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Just the slightest touch of oranges, yellows, and reds starting to show up on the mountain.  

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We spotted a little spotted trout swimming around just outside the cave entrance. 

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This huge bush was just covered with gorgeous butterflies.  I loved the touch of blue on their wings.   I wish I had my zoom lens attached so I could have captured these better.  They fluttered away if I got too close.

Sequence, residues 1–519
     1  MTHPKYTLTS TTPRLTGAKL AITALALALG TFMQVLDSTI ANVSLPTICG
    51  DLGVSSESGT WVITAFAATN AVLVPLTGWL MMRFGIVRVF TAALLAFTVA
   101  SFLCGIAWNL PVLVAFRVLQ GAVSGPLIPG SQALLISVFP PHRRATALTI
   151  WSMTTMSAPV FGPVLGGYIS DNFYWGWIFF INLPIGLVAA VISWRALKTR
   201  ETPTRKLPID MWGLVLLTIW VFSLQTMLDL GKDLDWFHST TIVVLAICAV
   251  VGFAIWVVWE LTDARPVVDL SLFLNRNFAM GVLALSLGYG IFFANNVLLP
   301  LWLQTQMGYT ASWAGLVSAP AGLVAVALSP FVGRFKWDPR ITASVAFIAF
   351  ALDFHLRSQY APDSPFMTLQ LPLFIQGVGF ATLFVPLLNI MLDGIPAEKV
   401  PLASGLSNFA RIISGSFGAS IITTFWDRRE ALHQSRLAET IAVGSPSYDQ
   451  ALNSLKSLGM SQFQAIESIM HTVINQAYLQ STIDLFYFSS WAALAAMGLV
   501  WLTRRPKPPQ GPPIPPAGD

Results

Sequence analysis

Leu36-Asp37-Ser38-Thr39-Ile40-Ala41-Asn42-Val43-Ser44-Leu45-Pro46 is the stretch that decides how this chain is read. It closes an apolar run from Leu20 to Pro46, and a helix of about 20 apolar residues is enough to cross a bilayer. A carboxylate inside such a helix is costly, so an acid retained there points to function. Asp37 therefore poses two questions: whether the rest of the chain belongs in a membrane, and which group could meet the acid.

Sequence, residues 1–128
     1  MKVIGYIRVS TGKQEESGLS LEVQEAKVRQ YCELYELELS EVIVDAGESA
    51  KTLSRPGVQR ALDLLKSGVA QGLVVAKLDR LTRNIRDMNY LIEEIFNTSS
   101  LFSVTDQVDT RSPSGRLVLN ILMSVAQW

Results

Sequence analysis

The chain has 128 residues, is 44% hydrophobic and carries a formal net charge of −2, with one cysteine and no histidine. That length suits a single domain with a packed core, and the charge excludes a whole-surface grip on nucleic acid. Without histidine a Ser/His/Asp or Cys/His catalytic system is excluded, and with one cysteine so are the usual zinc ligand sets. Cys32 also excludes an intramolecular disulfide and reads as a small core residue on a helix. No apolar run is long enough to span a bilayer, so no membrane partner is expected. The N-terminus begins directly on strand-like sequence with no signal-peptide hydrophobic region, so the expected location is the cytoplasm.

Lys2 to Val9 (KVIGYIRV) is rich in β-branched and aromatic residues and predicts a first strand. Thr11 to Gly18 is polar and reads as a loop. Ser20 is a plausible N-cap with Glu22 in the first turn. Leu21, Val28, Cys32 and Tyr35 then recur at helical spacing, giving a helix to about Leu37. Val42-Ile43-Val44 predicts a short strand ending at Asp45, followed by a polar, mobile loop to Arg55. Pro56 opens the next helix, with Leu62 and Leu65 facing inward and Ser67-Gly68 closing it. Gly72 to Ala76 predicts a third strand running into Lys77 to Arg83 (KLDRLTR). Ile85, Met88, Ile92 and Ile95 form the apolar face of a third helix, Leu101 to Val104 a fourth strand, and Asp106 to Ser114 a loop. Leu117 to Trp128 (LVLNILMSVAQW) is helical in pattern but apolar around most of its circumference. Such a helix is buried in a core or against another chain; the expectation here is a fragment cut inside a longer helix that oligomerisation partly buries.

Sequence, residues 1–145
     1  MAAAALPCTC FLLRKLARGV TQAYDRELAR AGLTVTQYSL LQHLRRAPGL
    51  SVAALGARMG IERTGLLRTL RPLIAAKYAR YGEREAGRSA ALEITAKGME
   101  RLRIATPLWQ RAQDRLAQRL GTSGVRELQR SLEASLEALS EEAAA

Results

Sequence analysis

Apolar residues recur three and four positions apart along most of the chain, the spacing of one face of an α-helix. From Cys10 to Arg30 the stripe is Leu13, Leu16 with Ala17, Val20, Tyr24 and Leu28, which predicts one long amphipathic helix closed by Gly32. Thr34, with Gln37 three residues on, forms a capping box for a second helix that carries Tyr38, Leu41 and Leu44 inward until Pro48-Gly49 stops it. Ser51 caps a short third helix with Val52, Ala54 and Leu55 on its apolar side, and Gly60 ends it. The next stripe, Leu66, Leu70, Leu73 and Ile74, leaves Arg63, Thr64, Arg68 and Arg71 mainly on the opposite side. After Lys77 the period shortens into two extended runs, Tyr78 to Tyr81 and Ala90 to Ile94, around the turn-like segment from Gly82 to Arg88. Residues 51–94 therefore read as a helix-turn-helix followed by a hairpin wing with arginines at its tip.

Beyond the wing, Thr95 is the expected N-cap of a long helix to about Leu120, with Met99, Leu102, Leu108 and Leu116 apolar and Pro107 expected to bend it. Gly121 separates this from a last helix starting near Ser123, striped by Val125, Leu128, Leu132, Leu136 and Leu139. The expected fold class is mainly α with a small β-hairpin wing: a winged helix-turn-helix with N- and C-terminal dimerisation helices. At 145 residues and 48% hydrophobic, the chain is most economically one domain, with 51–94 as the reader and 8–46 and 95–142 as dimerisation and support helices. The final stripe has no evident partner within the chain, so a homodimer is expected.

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The "Beware of Bats" warning sign at the entrance to the cave.  A door was added to keep out after hours visitors.  It would be a scary place to venture in the dark.  The guide told of two young boys years ago who skipped school to go exploring the cave without telling anyone where they were going.  They had a lantern, but one of the boys tripped and dropped the lantern leaving them in complete blackness.  Our guide demonstrated the extent of this blackness in one part of the cave when she turned out all the lights.  Somehow, these boys finally found their way out by following the stream flow.  We only had one instance where Brody got separated from me in our group.  He had stopped walking, and I didn't realize it.  He was at the back of the group and could see me and started crying.  I had to go back and get him.  He stayed close after that.